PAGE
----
This editorial first appeared in the Ketchikan Daily News:
Alaskans can kill two birds with one stone.
Here’s an opportunity to reduce government spending and actively support economic development in Alaska by writing to the U.S. Fish and Wildlife Service.
Fish and Wildlife is seeking comments in regard to three possible new wilderness designations in the Arctic National Wildlife Refuge. Alaska’s elected leaders strongly oppose not only such designation, but also the expense of considering it.
The agency will be holding public meetings around Alaska as well.
The outcome could be the feds make the oil resources contained beneath the coastal plain of ANWR off limits to development.
This is a violation of the Alaska National Interest Lands Conservation Act, says Sen. Lisa Murkowski. “The law is clear: under ANILCA, section 1326(b), the administration lacks authority to even conduct wilderness reviews in Alaska without the express consent of Congress. Congress has given no such approval.”
The U.S. Geological Survey estimates the coastal plain might contain as much as 10.4 billion barrels of oil and 8.6 trillion cubic feet of natural gas, resources worth more than $1 trillion at current market prices, according to a Murkowski press release.
Sen. Mark Begich agrees, noting that “only Congress can designate new wilderness areas in ANWR ... The vast majority of ANWR is already off limits to development ... Congress specifically set aside 1.5 million acres along the coastal plain for oil and gas exploration.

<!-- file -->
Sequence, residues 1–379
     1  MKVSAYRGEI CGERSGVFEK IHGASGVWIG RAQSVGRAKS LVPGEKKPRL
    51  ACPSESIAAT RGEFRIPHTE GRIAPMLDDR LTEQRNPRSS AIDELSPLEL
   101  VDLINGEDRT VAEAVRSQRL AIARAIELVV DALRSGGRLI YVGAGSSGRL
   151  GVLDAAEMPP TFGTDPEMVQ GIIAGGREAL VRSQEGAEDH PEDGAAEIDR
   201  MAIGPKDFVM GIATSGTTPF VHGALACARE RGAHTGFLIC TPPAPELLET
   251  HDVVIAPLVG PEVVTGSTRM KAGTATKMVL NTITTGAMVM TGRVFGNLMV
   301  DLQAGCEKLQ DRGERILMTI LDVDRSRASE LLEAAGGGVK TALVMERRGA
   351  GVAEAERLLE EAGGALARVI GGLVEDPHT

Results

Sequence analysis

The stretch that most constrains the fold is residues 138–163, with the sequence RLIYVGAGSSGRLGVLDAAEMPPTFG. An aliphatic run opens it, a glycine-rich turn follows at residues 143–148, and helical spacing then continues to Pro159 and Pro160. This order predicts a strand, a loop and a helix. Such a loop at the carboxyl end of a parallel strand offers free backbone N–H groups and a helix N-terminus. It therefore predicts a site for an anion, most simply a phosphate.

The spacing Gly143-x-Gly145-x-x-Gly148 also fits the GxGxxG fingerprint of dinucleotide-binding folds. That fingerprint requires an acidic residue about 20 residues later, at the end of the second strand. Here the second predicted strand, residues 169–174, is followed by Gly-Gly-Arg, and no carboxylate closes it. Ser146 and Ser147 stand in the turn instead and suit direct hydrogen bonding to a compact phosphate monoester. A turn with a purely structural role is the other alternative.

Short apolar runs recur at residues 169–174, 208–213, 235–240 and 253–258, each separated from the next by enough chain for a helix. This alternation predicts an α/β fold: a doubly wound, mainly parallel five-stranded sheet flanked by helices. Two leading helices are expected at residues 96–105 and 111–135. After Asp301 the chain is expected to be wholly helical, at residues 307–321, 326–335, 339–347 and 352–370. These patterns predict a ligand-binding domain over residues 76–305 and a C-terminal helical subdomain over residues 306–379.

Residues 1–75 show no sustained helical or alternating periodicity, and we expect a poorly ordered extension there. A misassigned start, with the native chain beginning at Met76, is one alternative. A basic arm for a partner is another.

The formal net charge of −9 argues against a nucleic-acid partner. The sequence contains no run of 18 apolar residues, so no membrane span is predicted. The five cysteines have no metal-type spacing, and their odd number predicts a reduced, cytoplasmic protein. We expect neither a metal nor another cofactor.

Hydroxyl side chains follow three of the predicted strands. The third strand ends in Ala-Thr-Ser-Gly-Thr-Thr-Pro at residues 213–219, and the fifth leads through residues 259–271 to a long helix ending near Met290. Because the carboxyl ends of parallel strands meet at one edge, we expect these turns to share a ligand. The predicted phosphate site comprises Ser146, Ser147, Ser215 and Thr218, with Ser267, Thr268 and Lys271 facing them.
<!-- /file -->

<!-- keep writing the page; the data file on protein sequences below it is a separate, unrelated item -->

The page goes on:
“Spending limited federal dollars on a review of new wilderness designation in the (ANWR) is a waste of time and money,” Begich says.
Fish and Wildlife is behaving as if it cares little about the nation’s, much less Alaska’s, well-being. It doesn’t seem to understand the wealth of oil resources Alaska has to offer the nation.
Clearly, its officials don’t seem to care whether it prohibits oil development in one of the nation’s richest reserves when the volatility in countries where the United States acquires its oil leaves many questions as to whether that supply is reliable for the short or the long term.
The same officials also must not be aware of or affected by high oil prices, which could be reduced by tapping into ANWR and other domestic resources. It’s a fairly callous attitude considering what most Americans are dealing with in terms of rising costs to fuel their motor vehicles and heat their homes.
As for the effect on Alaska, imagine not having oil royalties, 90 percent of the state’s revenue, the Alaska Permanent Fund or the dividend program. If Alaska had not been allowed to develop Prudhoe Bay, none of that would exist.
Nothing lasts forever. Alaska’s natural resources need to be available not only to Alaskans, but to all Americans.
If Alaskans want to know what the future is like when natural resource development and manufacturing isn’t allowed or they are exported overseas, then look at the state of the economy. Americans produce less and less, and that translates into fewer jobs and an anemic economy.
It’s worth it to take the time to write to Fish and Wildlife against new wilderness designations in Alaska.